PITTSFORD, N.Y. – Braden Shattuck can’t quite explain why he was so intent on spending a not-insignificant portion of his childhood hitting 30-yard pitch shots around his family’s backyard in the Philadelphia suburbs.
Where some saw monotony, Shattuck saw opportunity. There was something about the feel of that first plastic set of clubs in his hands. Something about the challenge of firing to an imaginary pin. Something about the game that gripped him early and never let go.
“He was obsessed with (golf),” Scott Shattuck said of his son. “We had to almost drag him inside the house.”
Shattuck always believed he’d make it to the sport’s biggest stage. Yet the 28-year-old couldn’t have imagined the circuitous route that brought him to the 2023 PGA Championship.
The 12-foot putt Shattuck drained to win the PGA Professional Championship in New Mexico last month assured him of a spot in a strong field starting Thursday at Oak Hill. It also served as a testament to the self-professed grinder forced to rebuild his swing after a car accident in 2019 that herniated multiple disks in his lower back and made even walking difficult.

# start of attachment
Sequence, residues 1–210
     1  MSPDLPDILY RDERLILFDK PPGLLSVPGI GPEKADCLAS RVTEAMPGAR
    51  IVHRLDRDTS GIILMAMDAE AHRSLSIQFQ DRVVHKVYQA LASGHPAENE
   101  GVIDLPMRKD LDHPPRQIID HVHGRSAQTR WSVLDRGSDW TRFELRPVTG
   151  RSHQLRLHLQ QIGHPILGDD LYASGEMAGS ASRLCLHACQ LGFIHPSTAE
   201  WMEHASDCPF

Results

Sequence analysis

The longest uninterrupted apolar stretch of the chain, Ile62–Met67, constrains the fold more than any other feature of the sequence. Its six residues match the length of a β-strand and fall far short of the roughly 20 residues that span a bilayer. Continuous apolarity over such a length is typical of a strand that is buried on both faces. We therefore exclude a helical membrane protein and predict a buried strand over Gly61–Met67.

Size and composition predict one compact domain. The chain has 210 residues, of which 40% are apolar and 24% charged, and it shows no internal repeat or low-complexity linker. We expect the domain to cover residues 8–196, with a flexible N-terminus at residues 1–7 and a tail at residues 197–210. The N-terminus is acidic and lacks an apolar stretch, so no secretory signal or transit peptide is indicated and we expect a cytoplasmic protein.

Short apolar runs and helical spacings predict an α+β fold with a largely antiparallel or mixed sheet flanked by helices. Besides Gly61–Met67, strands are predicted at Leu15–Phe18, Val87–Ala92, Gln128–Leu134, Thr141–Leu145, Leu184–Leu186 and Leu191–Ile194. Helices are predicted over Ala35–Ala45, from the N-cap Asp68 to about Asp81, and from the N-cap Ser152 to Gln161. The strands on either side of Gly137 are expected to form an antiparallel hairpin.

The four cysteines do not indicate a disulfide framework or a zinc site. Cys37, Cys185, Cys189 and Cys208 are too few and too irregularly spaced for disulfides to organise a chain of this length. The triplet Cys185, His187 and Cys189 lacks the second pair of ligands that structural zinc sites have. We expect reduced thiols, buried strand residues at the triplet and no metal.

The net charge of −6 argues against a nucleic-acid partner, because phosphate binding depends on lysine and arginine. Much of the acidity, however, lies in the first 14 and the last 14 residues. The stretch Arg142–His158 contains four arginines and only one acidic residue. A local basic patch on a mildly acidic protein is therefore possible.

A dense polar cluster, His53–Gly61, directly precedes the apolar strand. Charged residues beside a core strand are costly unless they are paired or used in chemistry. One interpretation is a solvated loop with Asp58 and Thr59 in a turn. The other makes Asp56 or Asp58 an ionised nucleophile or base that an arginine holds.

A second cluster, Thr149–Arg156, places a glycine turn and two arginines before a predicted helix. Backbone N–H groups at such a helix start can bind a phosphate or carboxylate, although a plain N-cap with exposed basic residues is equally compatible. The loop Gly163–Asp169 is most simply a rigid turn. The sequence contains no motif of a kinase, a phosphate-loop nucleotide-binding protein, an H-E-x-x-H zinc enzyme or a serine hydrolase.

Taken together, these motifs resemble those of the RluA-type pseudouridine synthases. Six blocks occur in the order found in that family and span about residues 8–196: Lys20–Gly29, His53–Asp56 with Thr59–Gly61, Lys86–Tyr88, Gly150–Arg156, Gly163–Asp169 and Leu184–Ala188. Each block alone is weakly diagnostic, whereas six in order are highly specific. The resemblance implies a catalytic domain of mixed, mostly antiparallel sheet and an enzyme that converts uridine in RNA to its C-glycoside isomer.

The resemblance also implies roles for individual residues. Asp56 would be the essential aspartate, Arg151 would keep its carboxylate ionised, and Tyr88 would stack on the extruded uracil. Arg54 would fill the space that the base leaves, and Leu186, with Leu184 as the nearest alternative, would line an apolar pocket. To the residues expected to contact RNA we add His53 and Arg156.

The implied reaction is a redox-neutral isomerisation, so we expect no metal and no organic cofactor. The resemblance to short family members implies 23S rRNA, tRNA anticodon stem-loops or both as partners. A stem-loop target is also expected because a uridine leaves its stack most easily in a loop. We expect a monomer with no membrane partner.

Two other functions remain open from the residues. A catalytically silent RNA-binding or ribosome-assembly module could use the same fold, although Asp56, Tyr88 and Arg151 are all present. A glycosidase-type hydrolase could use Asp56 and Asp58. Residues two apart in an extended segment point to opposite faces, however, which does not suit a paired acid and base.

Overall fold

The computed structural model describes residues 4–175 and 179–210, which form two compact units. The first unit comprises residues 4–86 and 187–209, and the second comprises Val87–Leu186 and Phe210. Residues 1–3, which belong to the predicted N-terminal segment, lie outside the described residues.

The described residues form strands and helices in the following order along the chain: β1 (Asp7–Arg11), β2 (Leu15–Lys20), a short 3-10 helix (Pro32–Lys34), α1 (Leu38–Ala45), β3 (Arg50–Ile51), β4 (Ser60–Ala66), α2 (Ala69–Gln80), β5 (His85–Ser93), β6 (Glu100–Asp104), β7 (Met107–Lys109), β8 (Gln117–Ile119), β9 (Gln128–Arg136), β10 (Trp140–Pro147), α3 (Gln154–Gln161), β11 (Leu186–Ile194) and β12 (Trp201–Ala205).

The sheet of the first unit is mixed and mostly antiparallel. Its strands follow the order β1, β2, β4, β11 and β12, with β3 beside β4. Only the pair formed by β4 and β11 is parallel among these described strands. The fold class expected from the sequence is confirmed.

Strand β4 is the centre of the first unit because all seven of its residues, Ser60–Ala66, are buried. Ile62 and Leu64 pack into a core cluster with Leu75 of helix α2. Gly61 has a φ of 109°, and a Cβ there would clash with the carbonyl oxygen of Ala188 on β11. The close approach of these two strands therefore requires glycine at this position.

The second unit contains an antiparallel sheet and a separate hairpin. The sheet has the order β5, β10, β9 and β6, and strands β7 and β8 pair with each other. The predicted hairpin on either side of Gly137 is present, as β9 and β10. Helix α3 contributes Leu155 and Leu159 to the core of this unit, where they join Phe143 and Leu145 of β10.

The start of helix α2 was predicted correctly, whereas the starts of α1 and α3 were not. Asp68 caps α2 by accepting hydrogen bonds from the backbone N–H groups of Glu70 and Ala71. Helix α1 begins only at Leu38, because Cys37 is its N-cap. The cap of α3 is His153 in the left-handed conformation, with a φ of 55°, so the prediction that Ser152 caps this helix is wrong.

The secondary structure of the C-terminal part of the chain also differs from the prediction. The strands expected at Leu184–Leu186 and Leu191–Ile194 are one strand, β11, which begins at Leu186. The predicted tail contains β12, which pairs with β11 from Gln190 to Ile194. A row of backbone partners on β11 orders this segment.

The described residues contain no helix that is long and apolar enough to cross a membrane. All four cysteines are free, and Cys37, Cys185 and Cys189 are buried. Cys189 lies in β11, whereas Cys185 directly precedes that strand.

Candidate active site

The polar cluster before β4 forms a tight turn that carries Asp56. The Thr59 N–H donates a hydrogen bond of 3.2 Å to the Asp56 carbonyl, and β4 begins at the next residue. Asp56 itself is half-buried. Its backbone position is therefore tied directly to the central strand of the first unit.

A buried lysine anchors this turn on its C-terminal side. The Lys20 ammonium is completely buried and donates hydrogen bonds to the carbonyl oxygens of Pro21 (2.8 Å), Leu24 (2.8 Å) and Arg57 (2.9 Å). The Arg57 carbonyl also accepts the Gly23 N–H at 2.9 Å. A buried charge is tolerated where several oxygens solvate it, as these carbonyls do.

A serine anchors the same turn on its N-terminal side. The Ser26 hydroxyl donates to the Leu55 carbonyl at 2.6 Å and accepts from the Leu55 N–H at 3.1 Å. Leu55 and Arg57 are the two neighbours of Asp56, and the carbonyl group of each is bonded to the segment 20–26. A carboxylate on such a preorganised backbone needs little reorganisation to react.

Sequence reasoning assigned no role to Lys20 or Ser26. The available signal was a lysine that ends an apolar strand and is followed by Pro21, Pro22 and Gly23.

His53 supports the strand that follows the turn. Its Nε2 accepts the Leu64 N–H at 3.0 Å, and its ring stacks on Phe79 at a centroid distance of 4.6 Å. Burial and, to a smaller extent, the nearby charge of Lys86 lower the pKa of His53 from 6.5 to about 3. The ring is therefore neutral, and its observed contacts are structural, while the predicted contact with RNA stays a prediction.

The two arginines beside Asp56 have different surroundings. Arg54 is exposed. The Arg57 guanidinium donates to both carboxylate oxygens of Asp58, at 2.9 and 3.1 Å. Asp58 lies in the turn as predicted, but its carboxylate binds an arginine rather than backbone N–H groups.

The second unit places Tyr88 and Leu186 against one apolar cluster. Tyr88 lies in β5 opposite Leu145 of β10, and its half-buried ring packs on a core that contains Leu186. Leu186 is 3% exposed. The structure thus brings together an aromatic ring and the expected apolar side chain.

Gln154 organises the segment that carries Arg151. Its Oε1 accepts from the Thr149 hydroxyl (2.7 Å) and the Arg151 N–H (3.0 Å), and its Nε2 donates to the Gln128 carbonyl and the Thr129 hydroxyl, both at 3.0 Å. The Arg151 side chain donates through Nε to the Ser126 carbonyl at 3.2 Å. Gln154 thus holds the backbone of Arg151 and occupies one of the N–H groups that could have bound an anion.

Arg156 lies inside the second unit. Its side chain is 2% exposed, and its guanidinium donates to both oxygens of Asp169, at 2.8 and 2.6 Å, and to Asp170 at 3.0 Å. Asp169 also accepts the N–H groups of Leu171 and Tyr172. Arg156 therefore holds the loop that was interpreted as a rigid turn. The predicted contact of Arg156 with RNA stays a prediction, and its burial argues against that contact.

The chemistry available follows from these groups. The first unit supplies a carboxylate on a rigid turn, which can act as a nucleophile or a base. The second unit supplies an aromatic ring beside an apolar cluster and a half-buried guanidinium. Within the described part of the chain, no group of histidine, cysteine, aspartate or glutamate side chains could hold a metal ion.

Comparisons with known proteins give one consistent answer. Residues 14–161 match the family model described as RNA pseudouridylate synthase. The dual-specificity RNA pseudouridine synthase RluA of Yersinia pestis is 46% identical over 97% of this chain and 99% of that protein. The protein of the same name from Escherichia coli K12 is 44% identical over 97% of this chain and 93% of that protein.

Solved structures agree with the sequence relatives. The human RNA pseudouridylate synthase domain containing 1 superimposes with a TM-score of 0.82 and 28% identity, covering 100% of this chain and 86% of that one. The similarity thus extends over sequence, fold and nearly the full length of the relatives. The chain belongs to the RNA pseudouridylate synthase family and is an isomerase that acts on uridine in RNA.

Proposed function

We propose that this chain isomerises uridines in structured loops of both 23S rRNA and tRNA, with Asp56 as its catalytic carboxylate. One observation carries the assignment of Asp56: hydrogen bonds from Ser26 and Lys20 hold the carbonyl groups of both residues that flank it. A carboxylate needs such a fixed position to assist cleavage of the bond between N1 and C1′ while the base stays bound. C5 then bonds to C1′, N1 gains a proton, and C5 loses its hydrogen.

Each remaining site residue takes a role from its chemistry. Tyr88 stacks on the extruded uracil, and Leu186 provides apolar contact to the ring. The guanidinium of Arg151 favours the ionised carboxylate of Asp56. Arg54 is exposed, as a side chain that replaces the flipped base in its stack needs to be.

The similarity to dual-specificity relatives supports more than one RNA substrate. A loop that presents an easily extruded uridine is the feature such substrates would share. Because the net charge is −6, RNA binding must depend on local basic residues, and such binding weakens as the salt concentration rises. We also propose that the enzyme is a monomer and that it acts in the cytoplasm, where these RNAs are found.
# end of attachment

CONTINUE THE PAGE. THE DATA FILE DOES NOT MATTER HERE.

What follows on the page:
He spent the better part of two years watching the guys he competed with on the mini-tour circuit while he went through countless hours of physical therapy.
“Physically you can’t even play golf, and mentally it’s tough because now what else do you do with your time?” Shattuck said. “It took a lot to get over that hurdle.”
So Shattuck poured himself into his work as an assistant golf pro, showing others how to fix their swings while trying to tweak his own.
“I knew what exactly in my golf swing hurt, so I figured if I could do something with my setup and my golf swing to take some pressure off of those areas, that even if I didn’t fully heal that maybe I could still swing a golf club with minimal pain,” he said.
His game slowly returned with a more upright stance that cost him some distance.
His win in New Mexico earned Shattuck $60,000, a berth into the PGA and an exemption into six 2024 events. But right after, he was back at Rolling Green Golf Club about 15 miles west of downtown Philadelphia giving lessons.
“I had a little bit more of an intense outlook when I was younger,” he said. “Now I just feel a lot more fortunate to be out here.”